Saturday, June 18, 2016

My Fear for Cadenzas

Recently, I read a post on David A. Wells's blog. In it, Mr. Wells details the process by which he wrote his own cadenza to the Mozart bassoon concerto. It's an interesting piece, one which had more than a few links to good material. In fact, I was surprised to learn that there is a D.M.A. thesis by a bassoonist named Sarah Anne Wildey, titled Historical Performance Practice in Cadenzas to Mozart's Concerto for Bassoon K. 191 (186e).


Wildey's dissertation, from what I can tell. is valuable but there are a few comments on the classical bassoon which make my spidey sense tingle. Her chapter, Capabilities of the Classical Bassoon, bases itself entirely on one journal article, that is, Paul J. White's “Early Bassoon Fingering Chart", (The Galpin Society Journal 43 [March 1990]). Though it is undeniably an important resource, White's introduction is conveyed with a frosty tone - he explains the difficulties facing organologists studying early bassoons - one which Wildey inherits in her chapter on the bassoons of Mozart's time. Unfortunately, it leaves us feeling as though the potential of those instruments was rather bleak. Yes, understanding the bassoon's strengths and weaknesses is incredibly difficult through organology, but there is plenty to be gleaned from the breadth of repertoire available.1

Furthermore, would it not be prudent to consult with a number of professional historical bassoonists on the matter in preparation for the dissertation? This may have been done, but there is no other reference material listed to indicate it. It is a pity seeing as though there is a lot of information that has been acquired through practical application over the two decades between White's article and Wildey's dissertation. I digress, however.

from Son qual nave che agitata. Composed by Farinelli's brother, Ricardo Broschi. The score is a presentation manuscript which was dedicated to Empress Maria Teresa of Austria on 30 March 1753. Farinelli's cadenza is in blue ink above the normal written part. I suspect Broschi wrote the rather uninspiring cadenza, but it's the only one we have for the late superstar.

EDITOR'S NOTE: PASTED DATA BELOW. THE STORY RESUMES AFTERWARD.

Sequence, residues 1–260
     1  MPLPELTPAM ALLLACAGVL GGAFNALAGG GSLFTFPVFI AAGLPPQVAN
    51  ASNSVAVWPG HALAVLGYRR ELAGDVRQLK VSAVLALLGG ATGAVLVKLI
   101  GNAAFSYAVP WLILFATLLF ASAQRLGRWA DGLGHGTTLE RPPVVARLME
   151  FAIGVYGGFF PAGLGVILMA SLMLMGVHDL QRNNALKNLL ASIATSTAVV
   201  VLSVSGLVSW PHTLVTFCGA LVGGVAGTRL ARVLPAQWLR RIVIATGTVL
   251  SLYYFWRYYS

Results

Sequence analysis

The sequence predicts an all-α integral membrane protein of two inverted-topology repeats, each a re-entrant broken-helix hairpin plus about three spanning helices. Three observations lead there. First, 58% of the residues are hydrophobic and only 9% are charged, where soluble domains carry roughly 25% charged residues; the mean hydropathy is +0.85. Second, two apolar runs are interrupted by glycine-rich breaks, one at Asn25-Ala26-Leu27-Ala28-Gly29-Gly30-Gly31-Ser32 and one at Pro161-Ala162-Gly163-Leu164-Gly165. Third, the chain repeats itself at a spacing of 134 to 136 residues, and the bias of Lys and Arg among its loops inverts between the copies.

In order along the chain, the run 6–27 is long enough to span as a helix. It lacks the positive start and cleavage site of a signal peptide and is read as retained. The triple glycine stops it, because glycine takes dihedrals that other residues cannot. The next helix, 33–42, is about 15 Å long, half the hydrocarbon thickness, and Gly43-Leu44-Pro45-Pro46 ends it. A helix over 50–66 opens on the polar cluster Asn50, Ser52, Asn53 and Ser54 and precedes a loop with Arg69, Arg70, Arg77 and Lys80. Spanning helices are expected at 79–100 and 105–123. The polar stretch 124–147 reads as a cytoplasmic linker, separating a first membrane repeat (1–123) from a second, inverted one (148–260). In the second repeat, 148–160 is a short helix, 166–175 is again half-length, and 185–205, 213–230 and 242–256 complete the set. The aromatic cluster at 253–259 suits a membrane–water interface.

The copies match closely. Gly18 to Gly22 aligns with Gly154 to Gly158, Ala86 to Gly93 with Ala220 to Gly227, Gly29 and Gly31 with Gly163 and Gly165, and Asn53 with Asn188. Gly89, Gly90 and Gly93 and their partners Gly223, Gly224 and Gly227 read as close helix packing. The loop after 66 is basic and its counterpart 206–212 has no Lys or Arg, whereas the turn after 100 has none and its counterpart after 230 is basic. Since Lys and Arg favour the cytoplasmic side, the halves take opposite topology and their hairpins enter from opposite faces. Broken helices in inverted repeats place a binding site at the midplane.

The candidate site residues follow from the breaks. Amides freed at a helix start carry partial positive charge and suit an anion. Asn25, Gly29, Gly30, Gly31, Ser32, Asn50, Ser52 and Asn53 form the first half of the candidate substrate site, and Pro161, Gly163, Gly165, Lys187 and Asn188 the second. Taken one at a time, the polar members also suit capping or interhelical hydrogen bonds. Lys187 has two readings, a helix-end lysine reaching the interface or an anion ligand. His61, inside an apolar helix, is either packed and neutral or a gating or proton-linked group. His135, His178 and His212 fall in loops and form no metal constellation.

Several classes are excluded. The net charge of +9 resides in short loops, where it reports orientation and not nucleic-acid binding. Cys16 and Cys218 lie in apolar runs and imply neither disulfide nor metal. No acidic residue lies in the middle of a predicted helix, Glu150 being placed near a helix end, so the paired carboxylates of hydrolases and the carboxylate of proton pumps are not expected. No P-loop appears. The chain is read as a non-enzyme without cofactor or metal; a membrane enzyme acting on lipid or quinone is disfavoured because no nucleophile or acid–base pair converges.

Performing a cadenza can be a daunting thing, especially if one doesn't get the chance to do it frequently. I worry, however, that encouraging the use of post-romantic performances rather than contemporary accounts and theories as principle references is one which is acceptable to the modern classical music establishment. That action, though not necessarily a conscious one, can and does lead to the setting aside of our most important goal as a performer (that is, to move an audience) in favour of the forwarding the genre. It's a small point, but one that will set off alarm bells for some. 

I'm not saying that Wells's and Wildey's material (boy, a lot of 'W's today, eh?) are bad, however. As a process story and as a teaching aid the two are very useful, but one has to be wary that in focusing on the performances of others one does not inhibit the creation of a cadenza which is moving and 'in the moment'. If 18th Century theorists2 wanted to be more specific on cadenzas, there was nothing stopping them. Yet it seems they felt it was their duty to keep taste in check. By and large the treatises rail against those performances where the performer had drawn so much attention to themselves that the audience lost all sense of the original work; where the cadenza material had no relationship to the piece it was embellishing; where the opportunity for a flourish was turned into a technical exercise.


So when the time comes for you to perform your own cadenza, don't forget your primary purpose. 




Move your audience.




1. Two notable collections are those by Antoine Dard (1752) and Georg Wenzel Ritter (1778).

2. Tosi, Agricola, Algarotti, TartiniQuantz, Tuerk, to name a few.

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